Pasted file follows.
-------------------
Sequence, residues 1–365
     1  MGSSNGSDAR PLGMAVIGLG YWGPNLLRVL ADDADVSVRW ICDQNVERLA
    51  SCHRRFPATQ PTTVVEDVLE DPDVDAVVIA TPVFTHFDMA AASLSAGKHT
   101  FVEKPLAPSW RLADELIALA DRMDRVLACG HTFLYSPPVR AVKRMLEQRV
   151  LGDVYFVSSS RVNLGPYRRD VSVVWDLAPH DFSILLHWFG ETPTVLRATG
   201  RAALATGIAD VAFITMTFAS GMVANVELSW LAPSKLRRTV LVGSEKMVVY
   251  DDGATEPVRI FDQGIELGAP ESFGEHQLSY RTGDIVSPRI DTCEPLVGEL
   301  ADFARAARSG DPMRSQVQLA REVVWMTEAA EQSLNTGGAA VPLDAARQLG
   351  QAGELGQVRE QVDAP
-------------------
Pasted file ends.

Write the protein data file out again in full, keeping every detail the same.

Sequence, residues 1–365
     1  MGSSNGSDAR PLGMAVIGLG YWGPNLLRVL ADDADVSVRW ICDQNVERLA
    51  SCHRRFPATQ PTTVVEDVLE DPDVDAVVIA TPVFTHFDMA AASLSAGKHT
   101  FVEKPLAPSW RLADELIALA DRMDRVLACG HTFLYSPPVR AVKRMLEQRV
   151  LGDVYFVSSS RVNLGPYRRD VSVVWDLAPH DFSILLHWFG ETPTVLRATG
   201  RAALATGIAD VAFITMTFAS GMVANVELSW LAPSKLRRTV LVGSEKMVVY
   251  DDGATEPVRI FDQGIELGAP ESFGEHQLSY RTGDIVSPRI DTCEPLVGEL
   301  ADFARAARSG DPMRSQVQLA REVVWMTEAA EQSLNTGGAA VPLDAARQLG
   351  QAGELGQVRE QVDAP